#final discomfort: So, besides issues with using the toilet, bathing, shade, privacy, and getting around, the final discomfort due to unpreparedness I experienced on the playa this year was cultural. Not with the culture of burning man but with my lack of preparedness to integrate within it. Burning Man culture is about radical self reliance but is also much more than that. It is about creativity and a culture of gifting. Radical Acceptance is also a major tenant and so I doubt many are spending much time judging each other (though some people do actually walk around with megaphones dissecting other’s costumes and behavior and this is usually pretty hilarious, and Radically Accepted.) But if one were to judge one’s own self on their burn, it would be based on what they bring. With no money exchanged, what one brings to burning man can be in the form of gifts, volunteering, creativity, joy, or whatever else one puts value in and wants to share. Parallels between the non-monetary culture of burning man could possibly be drawn with the non-monetary culture of Auroville, though volunteering may be considered somewhat of a currency in Auroville, whereas in burning man there is no trade at all, only gifting. Sometimes just being one’s fully expressed self is gift enough. Some people arrive to the playa via parachute and I consider their graceful flight down a visual gift to us all. This year at burning man, though we did enjoy some magical moments on the playa, I felt the joy I had to offer was too often limited by my physical discomforts. I did not feel 100% my fully expressed self. For gifts we brought our usual Whole Foods baby-food veggie juice pouches, which though not creatively handmade, I do see as valuable as they provide quick nutrients and liquid in a physically hostile environment. But I’d wished to bring more creativity this year now that Trekker is less work (in some ways). I’d had dreams of creating an art car last year for this year but of course there was no time to apply nor prepare for that this year. So it came down to costumes. Trekker is still just small enough to fit in a bicycle basket and having recently introduced him to E.T. I really, really wanted to ride around the playa on a bicycle dressed like Elliot with Trekker riding in the front basket dressed as E.T. I found my Elliot outfit the night before arrival at Walmart but the sturdy baskets I’d found online were all sold out in stores when we arrived. 🙁 So no ET this year and considering Trekker’s rapid growth rate I suppose I’ll have to lay that dream to rest (unless I have another one 😉 !)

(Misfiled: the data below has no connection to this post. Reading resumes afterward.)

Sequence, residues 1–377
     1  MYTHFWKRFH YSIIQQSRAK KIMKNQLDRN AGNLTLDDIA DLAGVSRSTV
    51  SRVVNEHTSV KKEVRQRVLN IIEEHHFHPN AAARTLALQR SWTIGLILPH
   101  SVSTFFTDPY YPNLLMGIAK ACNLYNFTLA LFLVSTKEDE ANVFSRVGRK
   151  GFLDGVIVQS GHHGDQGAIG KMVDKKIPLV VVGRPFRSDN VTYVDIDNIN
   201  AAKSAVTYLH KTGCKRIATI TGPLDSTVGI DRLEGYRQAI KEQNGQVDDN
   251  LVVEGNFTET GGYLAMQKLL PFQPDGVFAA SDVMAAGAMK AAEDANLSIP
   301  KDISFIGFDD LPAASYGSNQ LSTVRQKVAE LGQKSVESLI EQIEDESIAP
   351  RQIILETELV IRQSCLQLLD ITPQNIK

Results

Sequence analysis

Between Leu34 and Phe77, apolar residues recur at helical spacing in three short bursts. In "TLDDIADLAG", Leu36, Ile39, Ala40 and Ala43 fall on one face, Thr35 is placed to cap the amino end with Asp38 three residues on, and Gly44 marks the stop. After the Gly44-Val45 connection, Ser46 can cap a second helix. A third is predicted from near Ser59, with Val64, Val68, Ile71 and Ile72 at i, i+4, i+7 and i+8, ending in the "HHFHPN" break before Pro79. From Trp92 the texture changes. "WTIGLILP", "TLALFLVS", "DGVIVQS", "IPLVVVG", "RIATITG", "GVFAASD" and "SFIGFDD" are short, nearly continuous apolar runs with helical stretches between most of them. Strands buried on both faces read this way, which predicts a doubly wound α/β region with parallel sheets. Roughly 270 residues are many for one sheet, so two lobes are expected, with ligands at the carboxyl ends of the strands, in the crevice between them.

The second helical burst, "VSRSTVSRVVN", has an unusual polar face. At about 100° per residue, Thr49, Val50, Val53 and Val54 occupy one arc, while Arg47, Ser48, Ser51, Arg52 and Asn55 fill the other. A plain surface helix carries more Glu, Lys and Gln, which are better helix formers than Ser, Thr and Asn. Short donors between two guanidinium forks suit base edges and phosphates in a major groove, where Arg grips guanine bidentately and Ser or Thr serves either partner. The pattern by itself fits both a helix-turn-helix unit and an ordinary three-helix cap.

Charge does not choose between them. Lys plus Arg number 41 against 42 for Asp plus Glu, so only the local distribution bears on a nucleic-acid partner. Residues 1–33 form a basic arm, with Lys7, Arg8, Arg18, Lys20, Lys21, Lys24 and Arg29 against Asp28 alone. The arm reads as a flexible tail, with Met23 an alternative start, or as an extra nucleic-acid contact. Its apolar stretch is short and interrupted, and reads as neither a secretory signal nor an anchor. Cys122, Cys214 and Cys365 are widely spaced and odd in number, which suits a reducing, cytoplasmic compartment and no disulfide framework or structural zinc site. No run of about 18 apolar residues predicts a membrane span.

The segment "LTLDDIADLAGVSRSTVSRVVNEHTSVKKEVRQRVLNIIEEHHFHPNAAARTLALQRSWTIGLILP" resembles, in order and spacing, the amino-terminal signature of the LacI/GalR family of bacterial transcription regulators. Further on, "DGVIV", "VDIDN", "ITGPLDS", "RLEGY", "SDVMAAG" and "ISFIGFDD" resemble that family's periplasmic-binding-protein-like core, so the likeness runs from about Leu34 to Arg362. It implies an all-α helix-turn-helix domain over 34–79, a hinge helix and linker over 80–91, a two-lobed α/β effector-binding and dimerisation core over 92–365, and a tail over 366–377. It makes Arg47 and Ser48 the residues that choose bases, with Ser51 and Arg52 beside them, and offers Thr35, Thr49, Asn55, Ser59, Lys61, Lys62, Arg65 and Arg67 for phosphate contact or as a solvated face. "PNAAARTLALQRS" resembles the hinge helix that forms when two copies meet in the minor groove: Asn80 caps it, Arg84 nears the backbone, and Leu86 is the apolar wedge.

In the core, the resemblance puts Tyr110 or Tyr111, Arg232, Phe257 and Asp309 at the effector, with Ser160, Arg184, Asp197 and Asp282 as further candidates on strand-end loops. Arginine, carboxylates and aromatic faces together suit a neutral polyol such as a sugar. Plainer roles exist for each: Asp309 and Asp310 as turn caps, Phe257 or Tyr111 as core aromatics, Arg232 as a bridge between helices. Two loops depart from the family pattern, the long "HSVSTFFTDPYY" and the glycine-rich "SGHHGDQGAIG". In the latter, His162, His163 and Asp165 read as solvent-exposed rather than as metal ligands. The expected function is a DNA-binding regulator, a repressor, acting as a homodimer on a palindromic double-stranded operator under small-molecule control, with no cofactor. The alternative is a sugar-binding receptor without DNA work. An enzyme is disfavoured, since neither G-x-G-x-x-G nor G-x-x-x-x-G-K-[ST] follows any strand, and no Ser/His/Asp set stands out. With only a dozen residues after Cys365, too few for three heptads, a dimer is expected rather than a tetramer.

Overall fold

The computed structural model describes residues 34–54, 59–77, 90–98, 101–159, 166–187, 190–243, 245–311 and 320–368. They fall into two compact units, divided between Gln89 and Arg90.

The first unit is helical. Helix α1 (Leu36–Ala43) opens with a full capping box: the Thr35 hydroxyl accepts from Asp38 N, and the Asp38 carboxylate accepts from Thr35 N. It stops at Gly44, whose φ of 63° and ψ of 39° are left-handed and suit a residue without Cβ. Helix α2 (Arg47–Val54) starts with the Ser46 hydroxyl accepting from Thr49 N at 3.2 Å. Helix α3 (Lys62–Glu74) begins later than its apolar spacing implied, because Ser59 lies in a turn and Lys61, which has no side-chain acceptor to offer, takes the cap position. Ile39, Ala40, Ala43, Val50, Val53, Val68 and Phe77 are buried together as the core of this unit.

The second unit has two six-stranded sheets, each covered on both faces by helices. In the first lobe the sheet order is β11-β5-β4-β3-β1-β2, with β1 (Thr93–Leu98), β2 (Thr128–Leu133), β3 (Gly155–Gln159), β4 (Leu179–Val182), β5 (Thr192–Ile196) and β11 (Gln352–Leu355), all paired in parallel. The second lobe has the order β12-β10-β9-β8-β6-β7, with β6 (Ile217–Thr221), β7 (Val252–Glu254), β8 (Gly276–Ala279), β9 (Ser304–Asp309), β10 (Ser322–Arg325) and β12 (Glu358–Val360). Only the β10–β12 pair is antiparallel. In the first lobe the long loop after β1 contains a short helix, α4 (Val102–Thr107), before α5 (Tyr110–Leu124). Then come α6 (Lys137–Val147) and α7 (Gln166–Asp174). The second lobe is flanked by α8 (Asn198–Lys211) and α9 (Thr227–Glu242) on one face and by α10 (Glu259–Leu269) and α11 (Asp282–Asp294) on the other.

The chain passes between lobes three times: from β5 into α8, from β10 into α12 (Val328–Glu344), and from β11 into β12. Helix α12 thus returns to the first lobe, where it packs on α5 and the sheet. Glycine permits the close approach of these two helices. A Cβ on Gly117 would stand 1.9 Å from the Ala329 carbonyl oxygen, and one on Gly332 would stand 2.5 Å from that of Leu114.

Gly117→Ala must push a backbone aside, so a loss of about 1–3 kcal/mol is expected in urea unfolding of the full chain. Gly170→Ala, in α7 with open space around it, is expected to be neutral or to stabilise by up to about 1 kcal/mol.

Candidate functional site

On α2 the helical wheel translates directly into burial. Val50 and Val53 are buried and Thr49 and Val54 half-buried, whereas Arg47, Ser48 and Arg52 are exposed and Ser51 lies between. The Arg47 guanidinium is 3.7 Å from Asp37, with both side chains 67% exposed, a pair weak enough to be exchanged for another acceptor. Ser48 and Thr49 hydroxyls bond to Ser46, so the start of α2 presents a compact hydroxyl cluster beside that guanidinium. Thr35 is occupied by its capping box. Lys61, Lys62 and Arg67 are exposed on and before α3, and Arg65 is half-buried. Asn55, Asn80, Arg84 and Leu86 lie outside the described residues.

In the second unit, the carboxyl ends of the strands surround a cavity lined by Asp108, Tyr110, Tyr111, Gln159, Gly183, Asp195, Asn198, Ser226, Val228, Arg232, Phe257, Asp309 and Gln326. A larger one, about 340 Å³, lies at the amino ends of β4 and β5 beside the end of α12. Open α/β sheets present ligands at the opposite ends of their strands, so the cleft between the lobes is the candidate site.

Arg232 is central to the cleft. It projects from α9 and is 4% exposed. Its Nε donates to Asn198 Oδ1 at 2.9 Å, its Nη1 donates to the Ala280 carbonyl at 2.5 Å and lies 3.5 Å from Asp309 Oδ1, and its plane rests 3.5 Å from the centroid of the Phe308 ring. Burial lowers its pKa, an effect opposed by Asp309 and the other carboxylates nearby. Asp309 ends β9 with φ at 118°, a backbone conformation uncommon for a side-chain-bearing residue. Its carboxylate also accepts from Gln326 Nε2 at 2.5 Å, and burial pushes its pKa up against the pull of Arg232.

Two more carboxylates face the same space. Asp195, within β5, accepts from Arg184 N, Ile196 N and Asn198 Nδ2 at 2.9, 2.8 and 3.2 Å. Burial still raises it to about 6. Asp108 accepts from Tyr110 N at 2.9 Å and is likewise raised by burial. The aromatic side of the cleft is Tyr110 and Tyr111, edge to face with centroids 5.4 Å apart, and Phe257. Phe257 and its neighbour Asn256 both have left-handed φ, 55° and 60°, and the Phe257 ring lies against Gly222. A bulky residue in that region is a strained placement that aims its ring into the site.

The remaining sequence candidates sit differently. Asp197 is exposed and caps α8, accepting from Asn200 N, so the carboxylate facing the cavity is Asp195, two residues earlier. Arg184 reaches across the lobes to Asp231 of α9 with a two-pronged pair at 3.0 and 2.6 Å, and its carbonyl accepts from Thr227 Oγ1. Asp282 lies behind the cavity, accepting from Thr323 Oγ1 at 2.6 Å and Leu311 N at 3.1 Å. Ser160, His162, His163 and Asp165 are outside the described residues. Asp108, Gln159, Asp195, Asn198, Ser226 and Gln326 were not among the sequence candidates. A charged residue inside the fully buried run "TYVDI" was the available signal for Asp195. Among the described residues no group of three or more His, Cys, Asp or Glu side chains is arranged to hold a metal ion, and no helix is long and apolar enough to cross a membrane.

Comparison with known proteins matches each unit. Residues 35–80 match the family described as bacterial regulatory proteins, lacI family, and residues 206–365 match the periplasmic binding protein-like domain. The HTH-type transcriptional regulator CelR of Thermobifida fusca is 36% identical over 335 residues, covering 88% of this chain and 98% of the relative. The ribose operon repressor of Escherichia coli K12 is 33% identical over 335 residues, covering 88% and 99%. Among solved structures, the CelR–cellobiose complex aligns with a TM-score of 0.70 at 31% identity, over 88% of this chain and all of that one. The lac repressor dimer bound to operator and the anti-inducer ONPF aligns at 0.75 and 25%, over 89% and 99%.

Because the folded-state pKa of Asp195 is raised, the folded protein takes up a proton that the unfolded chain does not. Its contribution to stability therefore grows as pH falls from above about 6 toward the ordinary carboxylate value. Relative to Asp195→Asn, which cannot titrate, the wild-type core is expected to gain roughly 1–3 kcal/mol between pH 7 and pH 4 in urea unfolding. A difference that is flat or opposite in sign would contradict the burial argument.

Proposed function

That said, we have also recently opened up the world of original Star Wars movies in our family which did inspire another height-appropriate costume. I worked as fast as I could at the picnic table of a KOA campground en route to the playa to create R2D2 and C3PO outfits for us from duct-tape, foam, cardboard and a trash-can lid. These outfits proved to be fun in moments, like while standing in line for lemonade at Center Camp and when searching for a Jedi Temple we’d heard that a 5 year old kid had received a grant to build, but they weren’t quite sustainable enough to last through the burn. C3PO was incomplete at best, and constantly in need of re-duct-taping (which isn’t easy when the tape gets dusty) and R2D2 was a little top-heavy so Trekker usually only lasted in that for about 7 minute spurts. While I’m not completely dissatisfied with the outcome, I do believe with further advanced planning (i.e. not getting a last minute ticket again) I could probably pull off a more refined and comfortable-to-wear-for-longer-periods version next year, depending on how much Trekker grows…
(R2D2 and C3PO in front of child designed “Jedi Temple”)
In final, I am glad we cut our losses in the name of comfort and that I got to see FIVE rainbows on the drive the next day – one of them a double! (too bad trekker was asleep), but I do regret that we didn’t get make the usual rounds to catch up with old friends and continue certain traditions like watching the temple burn with our friends on the Dusty Cobra. Fortunately we did get to hang with some friends at our friend Shilo’s latest piece and we made new friends with a family from Vermont who we rode around the playa with on our last day, which happened to be beautiful and dustless, to see all the art.
(The fine folks of the Dusty Cobra pictured above gave Trekker his playa name “Hummus”, year one, then made Hummus an honorary member complete with badge, year two. We usually watch temple burn with them and were sad to miss that this year.)
(a hilarious lady dressed as a French Maid, “dusting” the art piece. I asked “are you dusting?” she responded, while dusting away, beer in hand, between dust storms “I’ll tell ya, I’m not taking on any more contracts this year, this weeks been too much!”